Serjeants’ Inn Chambers hosted an evening with Sir Robert Francis QC on Thursday 24 September 2015 to discuss and reflect upon the impact of the Duty of Candour, as recommended in the 2013 Francis Report, upon practice in a variety of healthcare areas, including inquests.
Cecily White and Paul Spencer considered the impact in the Coronial jurisdiction of the rather snappily named “Regulation 20 of the Health and Social Care Act 2008 (Regulated Activities) Regulations 2014” (i.e. the Duty of Candour regulations). Their paper is summarised below.
Although the CJA 2009 brought in new schedule 5 disclosure powers for Coroners there is nothing additional in the statutory Coronial regime which directly refers to the Duty of Candour nor is a Coroner’s inquest a ‘regulated activity’ under the new regulations. However, the Duty of Candour regulations are having an effect upon the way hospital Trusts conduct their own investigations which has implications for subsequent Coronial investigations.
Where there is a death, normally Trusts undertake a 48 or 72 hour review before commencing their SUI/RCA process that can then take some weeks. Now the Duty of Candour (‘DoC’) regulations require the Trust to notify the patient or relative that an incident has occurred of moderate or severe harm and report upon their DoC investigation within 10 days of it being finalised, often before the SUI is completed. A key question is whether the documents uncovered during that DoC investigation will be disclosable to a Coroner? The DoC documents are unlikely to be privileged since their production does not relate to the conduct of litigation. Whilst it might still be argued that some DoC documents are not disclosable because they do not fall within the scope of the Coroner’s fact-finding inquiry, in practice, Trusts may find themselves under pressure to make all of their DoC investigation documents available to Coroners and hence bereaved families at an inquest.
Where an internal healthcare professional not directly involved in the incident, such as the person responsible for the department or area where the incident occurred, has expressed a view on what has happened, the obligation of openness and transparency is likely to require the Trust to share that information at the very least with the family of the bereaved. In such circumstances there could be little justification for then withholding that same information from a Coroner.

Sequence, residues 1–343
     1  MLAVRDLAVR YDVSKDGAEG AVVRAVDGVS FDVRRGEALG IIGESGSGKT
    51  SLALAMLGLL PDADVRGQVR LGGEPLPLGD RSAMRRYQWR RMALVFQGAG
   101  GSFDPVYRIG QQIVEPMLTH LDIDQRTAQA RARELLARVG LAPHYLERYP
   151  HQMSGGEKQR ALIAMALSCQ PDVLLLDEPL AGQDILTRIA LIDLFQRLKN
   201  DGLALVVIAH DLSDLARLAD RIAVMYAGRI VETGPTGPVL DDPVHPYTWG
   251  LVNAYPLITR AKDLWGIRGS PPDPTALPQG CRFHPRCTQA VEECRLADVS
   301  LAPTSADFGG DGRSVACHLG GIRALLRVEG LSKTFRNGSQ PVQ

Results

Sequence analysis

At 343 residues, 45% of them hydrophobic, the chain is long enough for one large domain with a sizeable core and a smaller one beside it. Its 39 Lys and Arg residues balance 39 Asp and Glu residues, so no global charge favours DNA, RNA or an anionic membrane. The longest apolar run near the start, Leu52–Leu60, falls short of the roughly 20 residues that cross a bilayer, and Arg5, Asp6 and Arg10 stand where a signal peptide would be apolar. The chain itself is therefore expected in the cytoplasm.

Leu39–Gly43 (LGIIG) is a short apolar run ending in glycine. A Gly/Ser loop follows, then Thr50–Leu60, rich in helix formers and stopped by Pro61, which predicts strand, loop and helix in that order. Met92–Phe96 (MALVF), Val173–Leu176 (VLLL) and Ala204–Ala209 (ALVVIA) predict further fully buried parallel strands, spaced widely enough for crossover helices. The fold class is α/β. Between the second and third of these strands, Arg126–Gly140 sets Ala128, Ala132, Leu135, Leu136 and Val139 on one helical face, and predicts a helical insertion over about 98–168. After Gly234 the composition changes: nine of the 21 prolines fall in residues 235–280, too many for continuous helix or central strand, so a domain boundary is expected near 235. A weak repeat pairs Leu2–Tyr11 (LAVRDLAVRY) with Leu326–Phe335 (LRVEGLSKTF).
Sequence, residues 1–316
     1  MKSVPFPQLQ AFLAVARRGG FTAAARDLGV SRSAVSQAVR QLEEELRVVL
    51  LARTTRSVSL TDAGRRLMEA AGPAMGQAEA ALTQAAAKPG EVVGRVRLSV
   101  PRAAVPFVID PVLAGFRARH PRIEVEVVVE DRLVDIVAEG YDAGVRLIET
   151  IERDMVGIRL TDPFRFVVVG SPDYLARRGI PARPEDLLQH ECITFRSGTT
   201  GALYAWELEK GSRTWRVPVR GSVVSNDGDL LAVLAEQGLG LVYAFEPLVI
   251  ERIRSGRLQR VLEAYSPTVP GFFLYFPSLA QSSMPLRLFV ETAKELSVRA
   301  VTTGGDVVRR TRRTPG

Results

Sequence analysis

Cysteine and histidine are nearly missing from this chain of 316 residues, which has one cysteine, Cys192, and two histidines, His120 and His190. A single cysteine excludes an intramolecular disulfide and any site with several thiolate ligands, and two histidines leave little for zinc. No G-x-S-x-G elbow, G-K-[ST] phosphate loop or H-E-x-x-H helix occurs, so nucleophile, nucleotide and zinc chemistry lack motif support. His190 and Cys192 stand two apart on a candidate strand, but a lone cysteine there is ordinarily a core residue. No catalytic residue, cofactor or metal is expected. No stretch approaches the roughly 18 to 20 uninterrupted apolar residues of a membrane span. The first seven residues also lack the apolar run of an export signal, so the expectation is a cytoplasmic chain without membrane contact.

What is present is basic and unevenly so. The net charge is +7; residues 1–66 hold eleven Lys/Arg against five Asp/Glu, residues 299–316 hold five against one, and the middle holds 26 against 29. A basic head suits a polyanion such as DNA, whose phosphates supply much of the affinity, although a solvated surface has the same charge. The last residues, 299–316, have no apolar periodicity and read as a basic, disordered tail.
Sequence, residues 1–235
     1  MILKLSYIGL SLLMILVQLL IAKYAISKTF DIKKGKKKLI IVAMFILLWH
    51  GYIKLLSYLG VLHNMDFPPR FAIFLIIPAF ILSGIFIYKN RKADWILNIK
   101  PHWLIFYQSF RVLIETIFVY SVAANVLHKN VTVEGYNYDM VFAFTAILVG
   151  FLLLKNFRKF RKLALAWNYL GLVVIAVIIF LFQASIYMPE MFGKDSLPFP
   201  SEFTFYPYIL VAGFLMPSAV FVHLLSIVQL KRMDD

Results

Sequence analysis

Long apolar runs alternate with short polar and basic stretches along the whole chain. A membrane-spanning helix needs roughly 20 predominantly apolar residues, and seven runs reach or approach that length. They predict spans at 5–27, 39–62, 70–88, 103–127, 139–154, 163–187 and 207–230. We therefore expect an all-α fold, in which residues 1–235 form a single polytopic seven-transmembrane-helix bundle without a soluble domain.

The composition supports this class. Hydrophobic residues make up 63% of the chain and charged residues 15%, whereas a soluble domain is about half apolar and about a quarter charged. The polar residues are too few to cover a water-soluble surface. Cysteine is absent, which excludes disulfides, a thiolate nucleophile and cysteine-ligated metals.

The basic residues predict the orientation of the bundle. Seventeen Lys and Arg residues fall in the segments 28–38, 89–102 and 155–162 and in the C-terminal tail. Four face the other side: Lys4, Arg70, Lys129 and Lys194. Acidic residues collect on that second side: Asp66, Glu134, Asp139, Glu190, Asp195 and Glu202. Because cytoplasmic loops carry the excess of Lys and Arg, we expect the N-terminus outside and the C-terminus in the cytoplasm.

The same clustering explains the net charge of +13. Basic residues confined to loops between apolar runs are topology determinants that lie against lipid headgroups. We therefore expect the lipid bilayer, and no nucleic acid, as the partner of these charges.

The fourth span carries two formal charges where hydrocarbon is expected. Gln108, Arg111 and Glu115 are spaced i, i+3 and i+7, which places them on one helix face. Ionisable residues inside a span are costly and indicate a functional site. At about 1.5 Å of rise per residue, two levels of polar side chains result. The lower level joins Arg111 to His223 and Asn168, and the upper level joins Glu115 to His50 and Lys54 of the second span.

A Coroner’s request for the disclosure of documents that attract privilege, such as an expert report commissioned by a Trust concerning an anticipated civil claim, could of course still be resisted on the basis of legal professional privilege. However, the privilege attaches to the document itself and not necessarily to the information within it. The information within the privileged document will be known to the Trust which, when complying with its DoC obligations, cannot simply ignore that information. The duty to be candid is an on-going one and so a Trust is arguably under a continuing duty to disclose new information to the family of a deceased patient where the information supplements or contradicts the Trust’s initial DoC statements, even if that information arises from a privileged report. On the same basis one can foresee wily Coroners now asking a Trust representative who is giving evidence on oath at an inquest “Have you learned anything as a result of on-going inquiries since the death that suggests your initial DoC letter and conclusions may not be the full story? If so, what?”. The response “Yes, but I will not tell you because its privileged” is unlikely to hold water.
If the underlying DoC documents are now disclosed to coroners, the implications could be significant since they are likely to be more candid and more contemporaneous than even SUI reports. The experience for witnesses giving evidence at inquests could be more daunting if they are to be cross-examined on the contents of the Duty of Candour conclusions and any letter of apology. Those representing Trusts may want to ensure that all Trust employees called as witnesses are fully aware of the Trust’s position following its DoC investigation. Disclosure to the Coroner could also lead to these documents being considered in public.
Although it is not the function of an inquest to police a Trust’s compliance with its Duty of Candour obligations, should it become apparent during the course of the Coroner’s inquiry that there may have been a failure to comply, one can foresee how a reg 28 ‘PFD’ notice about that failure could follow. After all, as one purpose of the Duty of Candour is to learn from adverse incidents, it is but a short step to a Coroner concluding that a failure to be fully candid about the circumstances of a death might put others at risk of the same adverse incident re-occurring.